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Courtesy of: Matthew Berkley, Deasy/Penner & Partners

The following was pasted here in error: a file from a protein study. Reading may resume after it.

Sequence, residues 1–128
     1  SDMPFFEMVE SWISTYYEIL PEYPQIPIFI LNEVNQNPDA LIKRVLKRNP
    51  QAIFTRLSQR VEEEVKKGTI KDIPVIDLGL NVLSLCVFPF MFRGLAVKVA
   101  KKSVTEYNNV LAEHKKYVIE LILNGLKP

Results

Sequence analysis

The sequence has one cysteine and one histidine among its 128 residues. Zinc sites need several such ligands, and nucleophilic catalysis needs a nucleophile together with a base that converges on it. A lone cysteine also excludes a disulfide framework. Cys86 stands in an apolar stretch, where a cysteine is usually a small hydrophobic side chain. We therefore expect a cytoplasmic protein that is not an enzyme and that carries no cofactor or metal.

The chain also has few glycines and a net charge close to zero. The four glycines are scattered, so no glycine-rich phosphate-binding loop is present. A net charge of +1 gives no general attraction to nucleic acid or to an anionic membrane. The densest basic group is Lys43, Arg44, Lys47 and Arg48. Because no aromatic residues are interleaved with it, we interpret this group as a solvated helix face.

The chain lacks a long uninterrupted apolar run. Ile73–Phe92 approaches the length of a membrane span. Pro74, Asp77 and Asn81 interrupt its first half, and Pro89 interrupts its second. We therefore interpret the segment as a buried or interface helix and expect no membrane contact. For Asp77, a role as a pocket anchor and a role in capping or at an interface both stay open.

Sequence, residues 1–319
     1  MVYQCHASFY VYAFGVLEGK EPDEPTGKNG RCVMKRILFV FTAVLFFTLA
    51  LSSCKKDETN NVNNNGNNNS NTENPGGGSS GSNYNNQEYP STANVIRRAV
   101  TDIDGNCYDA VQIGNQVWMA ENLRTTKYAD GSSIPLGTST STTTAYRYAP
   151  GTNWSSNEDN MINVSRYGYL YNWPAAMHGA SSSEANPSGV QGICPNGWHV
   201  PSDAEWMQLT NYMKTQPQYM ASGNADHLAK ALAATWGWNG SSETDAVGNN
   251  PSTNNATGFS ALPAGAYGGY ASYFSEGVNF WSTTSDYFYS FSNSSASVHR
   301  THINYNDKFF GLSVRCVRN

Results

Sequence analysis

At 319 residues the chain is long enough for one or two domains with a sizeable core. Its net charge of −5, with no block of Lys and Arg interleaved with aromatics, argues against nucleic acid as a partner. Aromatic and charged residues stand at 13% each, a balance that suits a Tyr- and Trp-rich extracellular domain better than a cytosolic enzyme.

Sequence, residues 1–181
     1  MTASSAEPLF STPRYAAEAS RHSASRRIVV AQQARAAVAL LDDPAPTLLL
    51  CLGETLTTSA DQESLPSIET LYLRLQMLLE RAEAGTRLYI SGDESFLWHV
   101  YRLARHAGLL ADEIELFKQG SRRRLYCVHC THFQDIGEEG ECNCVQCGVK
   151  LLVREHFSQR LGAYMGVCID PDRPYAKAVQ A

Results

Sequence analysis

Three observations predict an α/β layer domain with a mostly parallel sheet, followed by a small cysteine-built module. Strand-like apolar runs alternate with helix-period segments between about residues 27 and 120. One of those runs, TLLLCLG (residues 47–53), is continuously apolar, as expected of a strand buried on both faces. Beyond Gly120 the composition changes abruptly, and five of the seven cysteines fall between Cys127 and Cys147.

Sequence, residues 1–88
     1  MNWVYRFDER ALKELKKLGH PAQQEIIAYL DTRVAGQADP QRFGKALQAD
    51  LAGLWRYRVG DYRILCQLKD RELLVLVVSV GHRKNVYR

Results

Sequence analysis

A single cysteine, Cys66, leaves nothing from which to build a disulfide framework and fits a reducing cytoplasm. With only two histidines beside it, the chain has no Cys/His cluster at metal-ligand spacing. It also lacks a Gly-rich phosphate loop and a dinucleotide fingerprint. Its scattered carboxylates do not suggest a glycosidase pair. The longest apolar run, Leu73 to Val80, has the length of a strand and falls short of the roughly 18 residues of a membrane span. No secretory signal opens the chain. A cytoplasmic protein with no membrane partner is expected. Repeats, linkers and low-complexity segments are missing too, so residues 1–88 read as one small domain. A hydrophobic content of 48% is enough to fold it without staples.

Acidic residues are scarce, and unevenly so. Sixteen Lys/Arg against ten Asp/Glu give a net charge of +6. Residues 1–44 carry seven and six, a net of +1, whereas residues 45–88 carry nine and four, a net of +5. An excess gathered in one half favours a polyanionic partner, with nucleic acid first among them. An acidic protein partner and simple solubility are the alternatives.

Frederick Roehrig, Architect, The Andrew McNally Estate, 1888. No expense was spared for Andrew McNally's three-story Altadena mansion. The great map maker used his expansive estate as his own personal calling card for those shivering in the Midwest or along the eastern seaboard, beckoning them to the luxe life available only in Southern California. His home embodied the bounty of the San Gabriel Mountains, palm trees and deodar cedars, citrus and olive trees, broad green lawns and sunshine. Even a large aviary for exotic birds to match the colorful arrays of flowers McNally planted throughout the then twelve-acre estate. While there is less land today, the distinctive blue-shingled estate still presides over the valley below, with views out to Catalina Island. Adjectives to describe McNally's nearly seven thousand square-foot house are not those we might use for contemporary architecture. Modesty doesn't work here either. Rather, words such as grand, exotic, eccentric, fit like a glove. Every element of this twenty-two room, nine-bedroom, seven-fireplace, and five-bathroom estate is yet another example of rich original detail. Nearly all of its nineteenth-century features remain intact.